- Ames, C., & Archer, J. (1988). Achievement goals in the classroom: Students’ learning strategies and motivation processes. Journal of Educational Psychology, 80(3), 260–267.
- Andrade, H., Du, Y., Wang, X., (2008) Putting rubrics to the test: The effect of a model, criteria generation, and rubric-referenced self-assessment on elementary school students’ writing Educational Measurement: Issues and Practice 27,(2), 3-13
- Covington, M. V. (2000). Goal theory, motivation, and school achievement: An integrative review. Annual Review of Psychology, 51, 171–200.
- Garrett, L., Moltzen, R., (2011) Writing because I want to, not because I have to: Young gifted writers’ perspectives on the factors that “matter” in developing expertise In English Teaching: Practice and Critique pp.165-180
- Hmelo-Silver, C., Duncan, R., & Chinn, C. (2007). Scaffolding and achievement in problem-based and inquiry learning: A response to Kirschner, Sweller, and Clark (2006). Educational Psychologist, 42(2), 99–107.
- Latham, G. P., & Locke, E. A. (1991). Self-regulation through goal setting. Organizational Behavior and Human Decision Processes, 50(2), 212–247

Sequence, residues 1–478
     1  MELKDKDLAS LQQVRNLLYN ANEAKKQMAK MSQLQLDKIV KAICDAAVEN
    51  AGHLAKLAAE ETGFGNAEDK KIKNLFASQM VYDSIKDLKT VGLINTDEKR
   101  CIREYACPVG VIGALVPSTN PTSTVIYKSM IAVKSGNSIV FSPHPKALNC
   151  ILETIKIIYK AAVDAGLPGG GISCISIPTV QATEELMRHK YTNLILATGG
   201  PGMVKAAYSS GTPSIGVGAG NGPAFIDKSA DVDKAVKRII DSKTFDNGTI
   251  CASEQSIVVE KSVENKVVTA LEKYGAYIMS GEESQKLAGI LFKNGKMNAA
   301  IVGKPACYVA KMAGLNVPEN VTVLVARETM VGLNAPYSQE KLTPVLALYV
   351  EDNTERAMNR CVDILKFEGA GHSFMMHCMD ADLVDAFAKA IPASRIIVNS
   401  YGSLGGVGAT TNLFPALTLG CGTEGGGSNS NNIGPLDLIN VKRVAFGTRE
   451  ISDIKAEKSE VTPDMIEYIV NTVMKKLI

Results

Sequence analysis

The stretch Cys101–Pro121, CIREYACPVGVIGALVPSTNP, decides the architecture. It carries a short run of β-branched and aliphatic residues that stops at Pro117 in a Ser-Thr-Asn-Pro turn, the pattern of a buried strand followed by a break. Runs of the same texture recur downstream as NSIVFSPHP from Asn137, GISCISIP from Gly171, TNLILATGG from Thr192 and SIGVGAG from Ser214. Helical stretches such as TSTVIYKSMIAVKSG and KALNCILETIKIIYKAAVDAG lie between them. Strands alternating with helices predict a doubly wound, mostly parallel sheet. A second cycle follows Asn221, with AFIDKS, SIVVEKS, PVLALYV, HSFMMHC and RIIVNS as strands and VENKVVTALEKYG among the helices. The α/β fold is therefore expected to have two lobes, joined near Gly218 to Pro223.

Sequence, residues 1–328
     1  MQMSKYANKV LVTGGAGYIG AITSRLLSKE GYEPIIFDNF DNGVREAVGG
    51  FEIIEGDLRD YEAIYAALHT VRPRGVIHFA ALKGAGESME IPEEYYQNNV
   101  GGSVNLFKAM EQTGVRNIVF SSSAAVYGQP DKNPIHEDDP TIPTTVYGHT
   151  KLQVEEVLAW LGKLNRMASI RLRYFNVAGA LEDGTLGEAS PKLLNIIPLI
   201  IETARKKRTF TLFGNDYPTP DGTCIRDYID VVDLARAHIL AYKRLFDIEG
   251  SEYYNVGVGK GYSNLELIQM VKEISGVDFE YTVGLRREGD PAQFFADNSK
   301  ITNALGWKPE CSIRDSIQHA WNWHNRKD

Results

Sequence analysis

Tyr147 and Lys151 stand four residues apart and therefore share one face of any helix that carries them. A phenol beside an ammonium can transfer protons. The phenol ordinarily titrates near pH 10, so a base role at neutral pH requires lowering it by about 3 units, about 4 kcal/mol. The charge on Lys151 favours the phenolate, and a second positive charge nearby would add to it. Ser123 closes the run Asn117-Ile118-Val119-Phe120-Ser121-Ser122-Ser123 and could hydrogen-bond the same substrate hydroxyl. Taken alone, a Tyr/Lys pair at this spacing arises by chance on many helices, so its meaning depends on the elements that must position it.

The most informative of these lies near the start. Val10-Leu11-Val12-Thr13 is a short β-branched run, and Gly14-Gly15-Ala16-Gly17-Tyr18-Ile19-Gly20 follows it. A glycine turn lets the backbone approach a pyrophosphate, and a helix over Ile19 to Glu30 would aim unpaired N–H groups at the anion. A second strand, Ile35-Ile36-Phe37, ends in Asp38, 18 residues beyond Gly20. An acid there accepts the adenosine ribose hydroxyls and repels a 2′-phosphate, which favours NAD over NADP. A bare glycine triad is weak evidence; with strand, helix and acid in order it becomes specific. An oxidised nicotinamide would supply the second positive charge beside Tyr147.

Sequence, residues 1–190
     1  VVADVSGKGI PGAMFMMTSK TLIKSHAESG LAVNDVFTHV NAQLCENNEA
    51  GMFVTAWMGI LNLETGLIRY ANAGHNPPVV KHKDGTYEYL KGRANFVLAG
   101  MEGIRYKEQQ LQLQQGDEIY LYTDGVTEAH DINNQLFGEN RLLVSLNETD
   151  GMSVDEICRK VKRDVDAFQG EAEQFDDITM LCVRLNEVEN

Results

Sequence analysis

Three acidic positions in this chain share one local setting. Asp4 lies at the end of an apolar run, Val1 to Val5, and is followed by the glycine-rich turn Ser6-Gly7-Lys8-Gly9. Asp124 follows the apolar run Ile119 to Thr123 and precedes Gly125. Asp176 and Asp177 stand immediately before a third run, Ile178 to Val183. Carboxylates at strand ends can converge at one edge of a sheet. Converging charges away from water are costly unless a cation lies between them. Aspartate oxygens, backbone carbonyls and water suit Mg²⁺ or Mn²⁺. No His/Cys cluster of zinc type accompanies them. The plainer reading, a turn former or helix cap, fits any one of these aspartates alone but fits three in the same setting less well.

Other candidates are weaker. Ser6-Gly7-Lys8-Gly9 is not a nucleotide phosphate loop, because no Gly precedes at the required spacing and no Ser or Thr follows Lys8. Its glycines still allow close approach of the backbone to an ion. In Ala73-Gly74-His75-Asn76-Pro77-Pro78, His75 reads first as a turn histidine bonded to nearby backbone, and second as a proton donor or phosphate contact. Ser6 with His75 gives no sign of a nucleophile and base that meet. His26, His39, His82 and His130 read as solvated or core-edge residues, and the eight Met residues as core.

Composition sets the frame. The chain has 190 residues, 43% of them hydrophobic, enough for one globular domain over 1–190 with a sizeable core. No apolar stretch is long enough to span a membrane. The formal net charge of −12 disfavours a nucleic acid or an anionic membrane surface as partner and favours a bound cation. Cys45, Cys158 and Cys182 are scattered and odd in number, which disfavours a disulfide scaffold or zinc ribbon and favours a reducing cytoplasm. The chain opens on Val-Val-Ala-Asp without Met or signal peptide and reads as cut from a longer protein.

- Reutzel, D. R. (2007). Organizing effective literacy instruction: Differentiating instruction to meet the needs of all children. In L. B. Gambrell, L. M. Morrow, & M. Pressley (Eds.), Best practices in literacy instruction (pp. 313–434). New York, NY: The Guilford Press.
- Schunk, D. H. (1990). Goal setting and self-efficacy during self-regulated learning. Educational Psychologist, 25, 71-86
- Schunk, D. H. (1996). Goal and self-evaluative influences during children’s cognitive skill learning. American Educational Research Journal, 33(2), 359–382.
- Schunk, D. H., & Swartz, C. W. (1993). Goals and progress feedback: Effects on self-efficacy and writing achievement. Contemporary Educational Psychology, 18(3), 337–354.
- Seijts, G. H., Latham, G. P., Tasa, K., & Latham, B. W. (2004). Goal setting and goal orientation: An integration of two different yet related literatures. Academy of Management Journal, 47(2), 227–239.
- Timperley, H. & Parr, J., (2009) What is this lesson about? Instructional processes and student understandings in writing classrooms In The Curriculum Journal, 20:1, 43-60
- Vanderburg, R., (2006) Reviewing Research on Teaching Writing Based on Vygotsky’s Theories: What We Can Learn In Reading & Writing Quarterly, 22:4, 375-393
- Wray, D., Beard, R., Raban, B., Hall, N., Bloom, W., Robinson, A., Potter, F., Sands, H., Yates, I., (1988) Developing Children’s Writing Leamington Spa: Scholastic